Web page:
Seeing Steve Jobs as big a story as the iPad 2 itself
Steve Jobs’ surprise appearance at the Apple event in San Francisco while he is still officially on medical leave was as significant as the launch of the iPad 2 itself.
It made the launch a headline event. The iPad alone would have made the news but the fact that Jobs was there to deliver the news bumped it even higher up the newslist.
When he walked on stage at the Yerba Buena Centre for the Arts wearing his traditional black turtle knew and blue jeans the audience erupted in applause and he was given a standing ovation.
Most expected that either Apple vice-president Phil Schiller or company COO Tim Cook would take the stage but we knew there was something up when both of these guys were spotted in front row in the audience just minutes before the scheduled 10am start.
Reports that Jobs only had weeks to live were doing the rounds only a couple of weeks ago. His health was even making headlines in publications like The National Enquirer along with pictures of him entering a cancer clinic.
The Apple boss and his health issues have been public knowledge – pancreatic cancer diagnosis in 2004 and a liver transplant in 2009.
At the iPad 2 launch Jobs was still looking quite thin and was wearing a belt to hold up his jeans – something he didn’t usually do.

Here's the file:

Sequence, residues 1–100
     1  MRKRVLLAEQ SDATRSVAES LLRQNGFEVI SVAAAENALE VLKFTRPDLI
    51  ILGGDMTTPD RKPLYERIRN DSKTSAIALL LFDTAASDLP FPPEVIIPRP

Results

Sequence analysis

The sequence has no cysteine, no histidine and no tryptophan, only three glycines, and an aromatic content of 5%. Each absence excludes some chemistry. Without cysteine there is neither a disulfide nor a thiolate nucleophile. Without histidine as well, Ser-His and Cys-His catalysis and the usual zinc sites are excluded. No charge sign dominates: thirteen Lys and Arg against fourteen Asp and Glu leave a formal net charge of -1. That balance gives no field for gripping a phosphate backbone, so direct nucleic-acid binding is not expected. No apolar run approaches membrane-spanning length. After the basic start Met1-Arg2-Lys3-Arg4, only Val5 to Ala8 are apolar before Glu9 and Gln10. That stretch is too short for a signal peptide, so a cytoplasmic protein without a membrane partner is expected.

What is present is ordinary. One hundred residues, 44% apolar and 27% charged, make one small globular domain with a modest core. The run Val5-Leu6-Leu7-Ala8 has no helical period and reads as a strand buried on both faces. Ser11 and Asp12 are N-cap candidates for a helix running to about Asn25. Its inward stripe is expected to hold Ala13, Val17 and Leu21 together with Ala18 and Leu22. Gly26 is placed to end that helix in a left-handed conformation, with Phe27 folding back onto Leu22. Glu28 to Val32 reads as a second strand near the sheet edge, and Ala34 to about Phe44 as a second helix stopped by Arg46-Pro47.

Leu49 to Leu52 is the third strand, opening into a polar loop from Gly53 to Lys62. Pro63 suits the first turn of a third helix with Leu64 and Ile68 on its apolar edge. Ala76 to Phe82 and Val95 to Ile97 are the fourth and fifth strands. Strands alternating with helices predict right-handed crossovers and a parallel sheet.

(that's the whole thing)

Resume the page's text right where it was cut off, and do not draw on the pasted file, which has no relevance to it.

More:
But he was there.
When he strode confidently on stage in San Francisco at the Apple event it spoke volumes.
First of all Jobs was not on his deathbed. Here he was delivering a keynote address and unveiling yet another must-have Apple product.
He thrives on it and his performance at the iPad 2 launch was typical Steve.
There was the trademark energy, engagement and passion along with the cheeky references to Apple’s rivals who are trying to keep pace with the Cupertino-based company.
His appearance on the stage didn’t hurt Apple’s share prices either – stock closed $3 higher at the end of trading after the iPad 2 launch at $352.12 – an increase of 0.8 per cent.
Jobs did hand off to others to demonstrate certain features and apps during the presentation which meant he was never on stage for extended periods but his presence at the event for the many tech journalists in the audience, myself included, was a big deal.
Apple has never been a company to look back too much and will probably not even publicly acknowledge the fact that on April 1 it would have been 35 years since Steve Jobs and Steve Wozniak founded the company in a garage.
That just gives us an idea how long Jobs has been at it and how his visionary leadership has been.
Let’s hope we see him revealing many more Apple products in the way that only he can.